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Authors: Alexander Dregon

Tags: #Science Fiction

The Primal Connection

BOOK: The Primal Connection

Urges, impulses, deja vu. First contact is not what it used to be.



Terry Bridger is a unique individual. A former Army Ranger, CIA operative, cop and private detective, he now works as a consultant for the FBI. His specialty? Catching the most vicious, most dangerous serial killers. And he has a hidden advantage. He calls him Charlie.

Charlie is an alien.

Not a little green man or anything as mundane as that. No, Charlie is a non-corporeal being known as a Chrliti. He is simply energy. And he is not alone. Others of his race are scattered among humanity, living quietly, and silently in most cases.

But when Terry goes to Chicago to investigate a series of brutal murders of cabbies, he finds out not only what his friend can do, but that others of Charlie's race have some rather special abilities as well, along with some very human tendencies. The trouble is that not all of them have humanity's best interests at heart.


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Please purchase only authorized electronic editions, and do not participate in or encourage the electronic piracy of copyrighted materials. Your support of the author’s rights is appreciated.


This book is a work of fiction. Names, characters, places, and incidents either are products of the author’s imagination or are used fictitiously. Any resemblance to actual events or locales or persons, living or dead, is entirely coincidental.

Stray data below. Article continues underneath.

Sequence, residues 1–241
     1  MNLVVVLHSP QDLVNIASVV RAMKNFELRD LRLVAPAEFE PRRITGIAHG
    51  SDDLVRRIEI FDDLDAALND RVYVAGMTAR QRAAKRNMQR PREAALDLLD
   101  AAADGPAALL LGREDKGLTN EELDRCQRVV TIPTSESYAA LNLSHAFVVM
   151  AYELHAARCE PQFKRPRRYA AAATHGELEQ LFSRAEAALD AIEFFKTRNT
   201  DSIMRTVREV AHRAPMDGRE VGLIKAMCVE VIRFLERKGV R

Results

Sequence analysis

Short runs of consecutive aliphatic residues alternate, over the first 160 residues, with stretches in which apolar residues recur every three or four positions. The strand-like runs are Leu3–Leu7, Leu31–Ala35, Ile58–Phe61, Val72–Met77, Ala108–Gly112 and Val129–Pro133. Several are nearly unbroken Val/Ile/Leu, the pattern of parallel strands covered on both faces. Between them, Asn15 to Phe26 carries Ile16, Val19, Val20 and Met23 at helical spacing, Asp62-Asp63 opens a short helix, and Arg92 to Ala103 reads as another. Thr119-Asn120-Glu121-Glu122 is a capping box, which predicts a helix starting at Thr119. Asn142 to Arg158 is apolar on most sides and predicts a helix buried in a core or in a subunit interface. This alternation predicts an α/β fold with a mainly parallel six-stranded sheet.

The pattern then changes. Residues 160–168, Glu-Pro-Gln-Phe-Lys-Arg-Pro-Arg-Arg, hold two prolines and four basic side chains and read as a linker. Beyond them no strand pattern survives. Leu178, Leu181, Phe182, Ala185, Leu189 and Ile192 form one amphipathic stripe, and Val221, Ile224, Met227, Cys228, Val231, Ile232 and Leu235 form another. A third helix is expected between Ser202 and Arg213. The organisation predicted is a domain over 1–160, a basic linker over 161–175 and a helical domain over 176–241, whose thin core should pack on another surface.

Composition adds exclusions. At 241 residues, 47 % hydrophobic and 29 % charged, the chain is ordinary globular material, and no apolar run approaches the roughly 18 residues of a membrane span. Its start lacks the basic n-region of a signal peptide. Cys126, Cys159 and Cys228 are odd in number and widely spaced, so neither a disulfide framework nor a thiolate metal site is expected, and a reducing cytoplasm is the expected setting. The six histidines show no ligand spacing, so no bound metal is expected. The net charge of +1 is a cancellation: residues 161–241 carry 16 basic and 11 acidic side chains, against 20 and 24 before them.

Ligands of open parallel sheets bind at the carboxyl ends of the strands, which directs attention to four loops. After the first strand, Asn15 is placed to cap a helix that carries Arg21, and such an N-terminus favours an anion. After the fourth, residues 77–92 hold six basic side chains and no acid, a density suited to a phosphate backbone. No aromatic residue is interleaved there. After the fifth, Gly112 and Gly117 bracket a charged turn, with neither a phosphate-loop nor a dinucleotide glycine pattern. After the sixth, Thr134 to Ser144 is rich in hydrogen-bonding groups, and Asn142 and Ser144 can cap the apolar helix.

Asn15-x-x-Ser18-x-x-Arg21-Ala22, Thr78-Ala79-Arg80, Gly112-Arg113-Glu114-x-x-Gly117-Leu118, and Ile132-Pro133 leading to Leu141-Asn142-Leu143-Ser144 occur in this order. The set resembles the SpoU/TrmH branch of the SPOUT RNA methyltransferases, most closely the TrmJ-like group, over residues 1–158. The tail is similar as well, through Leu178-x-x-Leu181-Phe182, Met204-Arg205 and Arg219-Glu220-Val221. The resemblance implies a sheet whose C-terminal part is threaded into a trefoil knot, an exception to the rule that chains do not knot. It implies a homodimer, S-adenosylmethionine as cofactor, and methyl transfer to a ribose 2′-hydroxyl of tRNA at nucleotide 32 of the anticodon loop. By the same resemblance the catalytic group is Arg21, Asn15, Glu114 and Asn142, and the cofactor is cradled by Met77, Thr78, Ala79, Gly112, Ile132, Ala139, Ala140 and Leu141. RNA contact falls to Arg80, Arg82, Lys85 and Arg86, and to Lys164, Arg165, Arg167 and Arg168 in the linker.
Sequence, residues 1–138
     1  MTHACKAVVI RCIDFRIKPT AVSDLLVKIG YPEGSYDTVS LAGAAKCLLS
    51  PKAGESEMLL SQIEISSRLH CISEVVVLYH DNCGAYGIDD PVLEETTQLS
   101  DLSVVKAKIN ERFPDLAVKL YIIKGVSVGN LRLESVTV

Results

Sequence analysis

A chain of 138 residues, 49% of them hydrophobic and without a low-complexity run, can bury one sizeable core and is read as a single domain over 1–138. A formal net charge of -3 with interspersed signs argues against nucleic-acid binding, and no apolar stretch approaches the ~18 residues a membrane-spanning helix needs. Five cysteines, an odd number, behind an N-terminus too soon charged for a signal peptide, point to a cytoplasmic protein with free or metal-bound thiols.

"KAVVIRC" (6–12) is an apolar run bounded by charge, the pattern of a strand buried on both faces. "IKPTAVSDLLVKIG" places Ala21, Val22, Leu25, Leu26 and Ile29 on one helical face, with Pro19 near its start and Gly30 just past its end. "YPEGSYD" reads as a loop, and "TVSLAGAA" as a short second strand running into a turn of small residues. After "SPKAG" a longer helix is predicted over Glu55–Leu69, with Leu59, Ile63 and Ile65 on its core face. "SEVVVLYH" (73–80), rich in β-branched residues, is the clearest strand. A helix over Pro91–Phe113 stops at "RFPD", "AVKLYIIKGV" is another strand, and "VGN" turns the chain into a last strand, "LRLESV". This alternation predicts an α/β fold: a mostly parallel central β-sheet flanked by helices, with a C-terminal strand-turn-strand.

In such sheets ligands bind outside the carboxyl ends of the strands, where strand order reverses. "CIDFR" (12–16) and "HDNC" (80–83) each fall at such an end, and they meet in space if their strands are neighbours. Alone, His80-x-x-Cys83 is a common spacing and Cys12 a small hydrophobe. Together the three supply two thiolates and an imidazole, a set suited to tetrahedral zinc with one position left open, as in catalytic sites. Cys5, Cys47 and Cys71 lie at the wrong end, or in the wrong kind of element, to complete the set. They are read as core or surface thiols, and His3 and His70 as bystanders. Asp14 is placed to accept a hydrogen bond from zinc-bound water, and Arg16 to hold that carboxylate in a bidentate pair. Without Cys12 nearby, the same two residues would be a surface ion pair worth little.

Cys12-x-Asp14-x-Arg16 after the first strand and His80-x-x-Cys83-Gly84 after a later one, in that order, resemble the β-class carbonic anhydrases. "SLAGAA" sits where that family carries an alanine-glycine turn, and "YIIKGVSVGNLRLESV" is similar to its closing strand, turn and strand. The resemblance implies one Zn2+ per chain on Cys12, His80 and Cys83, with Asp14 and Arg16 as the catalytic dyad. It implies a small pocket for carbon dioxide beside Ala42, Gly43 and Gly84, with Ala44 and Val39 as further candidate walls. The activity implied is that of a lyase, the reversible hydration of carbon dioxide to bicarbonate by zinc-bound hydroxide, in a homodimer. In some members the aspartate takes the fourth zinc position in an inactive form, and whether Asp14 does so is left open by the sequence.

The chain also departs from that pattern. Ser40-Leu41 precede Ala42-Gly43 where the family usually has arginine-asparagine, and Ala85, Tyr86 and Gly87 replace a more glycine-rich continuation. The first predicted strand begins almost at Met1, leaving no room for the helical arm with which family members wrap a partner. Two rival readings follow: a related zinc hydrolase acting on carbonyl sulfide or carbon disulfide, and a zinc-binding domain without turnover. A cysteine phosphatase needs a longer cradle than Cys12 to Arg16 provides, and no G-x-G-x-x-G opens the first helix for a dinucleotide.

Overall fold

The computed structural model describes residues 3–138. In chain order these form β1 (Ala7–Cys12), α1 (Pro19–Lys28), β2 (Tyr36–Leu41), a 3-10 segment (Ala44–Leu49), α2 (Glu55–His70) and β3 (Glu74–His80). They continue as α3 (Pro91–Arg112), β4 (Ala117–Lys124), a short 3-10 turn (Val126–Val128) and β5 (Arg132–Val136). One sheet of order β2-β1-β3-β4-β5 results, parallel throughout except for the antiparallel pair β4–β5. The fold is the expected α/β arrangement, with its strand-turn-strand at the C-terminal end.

The Primal Connection

Copyright © 2013 Alexander Dregon

ISBN: 978-1-77111-721-0

Cover art by Latrisha Waters


All rights reserved. Except for use in any review, the reproduction or utilization of this work in whole or in part in any form by any electronic, mechanical or other means, now known or hereafter invented, is forbidden without the written permission of the publisher.


Published by Devine Destinies

An imprint of eXtasy Books

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The Primal Connection






Alexander Dregon







To my girl Angela who inspires me, challenges me and, who helped me name this book. 


Chapter One



It was dark in the canyon. The moon was full, but in the shadow of the mountains, it was no help. The sky was clear, and given the lack of city lights, it looked like millions of stars came just to hang around in the Montana sky.

It would have been a beautiful sight if he had time to enjoy it. He didn’t. Or rather, the kid in the back of the van he had followed from the little town of Lester didn’t have the time to.

The man looked down at the van pulling in and grimaced. It didn't look good.

He shook his head as he thought about the little town he had trailed this guy from.

He wasn't a huge man. Six two and around two hundred pounds. His body leaned towards the power of a tiger, not a bulldozer. If his face could have been seen in the darkness, he wouldn't have been anything really special. Brown eyes, thick bushy black hair and a strong chin being his only claims to masculine beauty. He was at best a rugged looking individual, not unlike the town that dominated his thoughts at the moment.

Population three thousand, Lester was the quintessential small town—one bank, a gas station, two hardware stores and a Wal-Mart. Its police force consisted of three cars and one motorcycle donated by a nearby Harley Davidson factory. Until recently, the biggest crime they had ever seen was a stolen tractor and the theft of a truckload of turnips.

That was until about two months ago, when a girl reported her friend missing after a night of partying and a sleepover. They had all gone to bed to find her gone in the morning. No one even knew she was missing until that evening when she was supposed to be home and her mother had called to ask where she was. Everyone had assumed she had already left and no one had thought to call and check.

And why should they have? Most people around this area had known everybody else going back two or three generations. People were born there, moved away and came back. If quiet was your thing, this was your Nirvana.